It’s Kind of a Funny Story

Fleck Away

         
 

15 October 2010| No Comments     by Sean Chavel

 

It’s Kind of a Funny Story is just that. It is not really going to be watched by anyone except by those who like to watch indie films as a chore, since this will be no breakout indie in terms of artistry or popularity. If that’s you, then you could do a lot worse. It is written and directed by Ryan Fleck and Anna Boden and if you know those names that might give you a reason to watch it (they made “Half Nelson,” “Sugar”). Keir Gilchrist, looking like Bastian from “The Neverending Story,” plays the depressed and overachiever 16-year old teenager Craig Gilner. After volunteering that he is a suicide risk, Craig is admitted into the psychiatric wing of a hospital for seven-day observation. He wants to get back to his homework, and friends, but now he can’t.

You almost want to say that Zach Galifianakis (“The Hangover”) is worthy of an Oscar nomination for Best Supporting Actor. As Bobby, a man-child that can no longer bear the stress of the real world and being a husband and father, Galifianakis is a real scene-stealer. His performance is nearly matched by Emma Roberts (“Valentine’s Day”) as the 16-year old cutie-pie Noelle who actually made a suicide attempt. Viola Davis (“Doubt”) is just decent as the ward staff psychiatrist.

The thing about mental hospital movies is that they inevitably spend the entire running length there and boredom clouds us as much as clouds its protagonists. “One Flew Over the Cuckoo’s Nest” (1975) is virtually the only nuthouse movie that keeps you riveted. The filmmaking here is highly skilled, without a doubt, and yet interest declines. One could be on the fence about whether this film deserves a three star or merely two-and-a-half star rating, and I was leaning on the high end until a highly improbably visit by high school classmate made me dock the grade. Nia (Zoe Kravitz) stops by to check on Craig, and to make-out with him. Would a girl like Nia really be surprised to find, that at the mental hospital, Craig probably has a roommate? Would a girl like Nia really been able to locate the correct wing where Craig was staying?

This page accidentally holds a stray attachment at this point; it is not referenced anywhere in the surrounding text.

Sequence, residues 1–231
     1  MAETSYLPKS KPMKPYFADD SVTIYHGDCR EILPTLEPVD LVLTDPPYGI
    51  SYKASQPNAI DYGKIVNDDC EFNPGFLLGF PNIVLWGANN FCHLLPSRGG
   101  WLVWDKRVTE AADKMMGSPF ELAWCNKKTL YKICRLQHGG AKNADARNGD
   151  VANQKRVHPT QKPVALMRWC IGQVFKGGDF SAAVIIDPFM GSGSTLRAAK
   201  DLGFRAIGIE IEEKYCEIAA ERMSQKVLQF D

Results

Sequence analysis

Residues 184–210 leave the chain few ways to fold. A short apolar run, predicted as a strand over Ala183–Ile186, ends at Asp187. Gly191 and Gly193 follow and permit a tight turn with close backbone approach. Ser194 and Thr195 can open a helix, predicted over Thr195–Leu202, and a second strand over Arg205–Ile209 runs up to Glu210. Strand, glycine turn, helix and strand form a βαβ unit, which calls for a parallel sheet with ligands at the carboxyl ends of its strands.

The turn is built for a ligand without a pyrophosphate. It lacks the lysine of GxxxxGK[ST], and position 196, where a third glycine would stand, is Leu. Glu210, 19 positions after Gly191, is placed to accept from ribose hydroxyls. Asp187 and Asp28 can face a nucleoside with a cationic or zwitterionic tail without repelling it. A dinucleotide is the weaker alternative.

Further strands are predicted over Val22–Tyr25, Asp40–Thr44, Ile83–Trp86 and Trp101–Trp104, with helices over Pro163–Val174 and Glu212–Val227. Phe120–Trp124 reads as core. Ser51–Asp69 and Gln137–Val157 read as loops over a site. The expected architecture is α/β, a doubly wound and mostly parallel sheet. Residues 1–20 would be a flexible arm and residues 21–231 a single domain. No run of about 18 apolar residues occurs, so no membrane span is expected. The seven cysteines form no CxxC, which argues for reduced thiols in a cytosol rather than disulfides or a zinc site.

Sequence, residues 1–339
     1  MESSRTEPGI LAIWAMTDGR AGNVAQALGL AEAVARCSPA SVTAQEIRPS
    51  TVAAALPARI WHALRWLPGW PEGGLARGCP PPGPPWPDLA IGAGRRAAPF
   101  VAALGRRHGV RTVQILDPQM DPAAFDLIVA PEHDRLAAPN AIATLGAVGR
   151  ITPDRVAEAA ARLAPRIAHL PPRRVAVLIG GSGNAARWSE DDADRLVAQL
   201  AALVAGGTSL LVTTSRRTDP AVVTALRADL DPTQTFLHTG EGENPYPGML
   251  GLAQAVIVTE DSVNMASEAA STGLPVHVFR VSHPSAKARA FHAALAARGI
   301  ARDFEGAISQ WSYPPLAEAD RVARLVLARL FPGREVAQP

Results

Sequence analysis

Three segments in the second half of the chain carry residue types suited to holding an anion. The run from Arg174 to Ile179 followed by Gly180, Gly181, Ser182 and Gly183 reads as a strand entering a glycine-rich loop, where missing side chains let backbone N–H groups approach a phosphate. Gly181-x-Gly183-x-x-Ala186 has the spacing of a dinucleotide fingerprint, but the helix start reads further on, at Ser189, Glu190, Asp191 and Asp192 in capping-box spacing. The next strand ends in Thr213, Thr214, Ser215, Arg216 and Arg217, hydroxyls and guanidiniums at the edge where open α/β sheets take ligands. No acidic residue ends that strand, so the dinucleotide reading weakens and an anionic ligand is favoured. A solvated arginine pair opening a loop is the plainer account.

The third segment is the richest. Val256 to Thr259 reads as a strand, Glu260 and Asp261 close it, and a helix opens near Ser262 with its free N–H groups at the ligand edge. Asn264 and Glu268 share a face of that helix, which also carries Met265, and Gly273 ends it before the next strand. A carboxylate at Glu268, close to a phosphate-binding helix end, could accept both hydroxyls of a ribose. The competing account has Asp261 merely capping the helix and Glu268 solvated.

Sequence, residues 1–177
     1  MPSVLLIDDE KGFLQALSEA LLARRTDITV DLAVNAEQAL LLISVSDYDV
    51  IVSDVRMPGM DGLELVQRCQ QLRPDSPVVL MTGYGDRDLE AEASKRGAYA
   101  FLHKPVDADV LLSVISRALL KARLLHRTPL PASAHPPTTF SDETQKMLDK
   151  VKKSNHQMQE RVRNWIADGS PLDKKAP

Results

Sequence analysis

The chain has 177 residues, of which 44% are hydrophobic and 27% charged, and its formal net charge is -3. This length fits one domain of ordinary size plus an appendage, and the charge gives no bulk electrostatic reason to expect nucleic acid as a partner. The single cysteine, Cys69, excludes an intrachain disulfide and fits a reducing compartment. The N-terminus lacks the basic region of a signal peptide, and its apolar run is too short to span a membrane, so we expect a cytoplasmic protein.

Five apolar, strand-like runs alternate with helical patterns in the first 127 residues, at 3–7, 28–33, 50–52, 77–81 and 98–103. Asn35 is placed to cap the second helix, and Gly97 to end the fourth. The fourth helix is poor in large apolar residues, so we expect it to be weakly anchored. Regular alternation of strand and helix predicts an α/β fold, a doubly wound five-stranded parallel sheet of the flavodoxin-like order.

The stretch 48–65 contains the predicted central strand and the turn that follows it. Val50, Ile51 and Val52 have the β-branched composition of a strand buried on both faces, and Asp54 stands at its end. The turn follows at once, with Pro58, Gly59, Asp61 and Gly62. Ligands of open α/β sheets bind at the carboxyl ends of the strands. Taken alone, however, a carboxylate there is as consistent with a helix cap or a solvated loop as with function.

Nia freaks out which is no good, but there are nevertheless more entertaining freaks of nature in this offbeat comedy such as the fuss around a coin operated phone. The screenplay ennobles Craig as he tries to be peacemaker between some of the committed who seemed lost before his arrival. But it’s Galfianakis that our hearts return to, especially poignant and by means hilarious when he stresses out feverishly about how he has nothing to wear but his hobo-smelling sweater to his psych evaluation interview.

101 Minutes. Rated PG-13.

COMEDY-DRAMA / REFLECTIVE TEENS / RAINY AFTERNOON MOVIE

Film Cousins: “Titicut Follies” (1967); “One Flew Over the Cuckoo’s Nest” (1975); “Ordinary People” (1980); “The Son’s Room” (2001, Italy).

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Sean Chavel

About The Author / Sean Chavel

Sean Chavel is a Hollywood based author and movie reviewer. He is the Executive Director of flickminute.com, a new website that has adapted the movie review site genre by introducing moodbased and movie experience based reviews.

 

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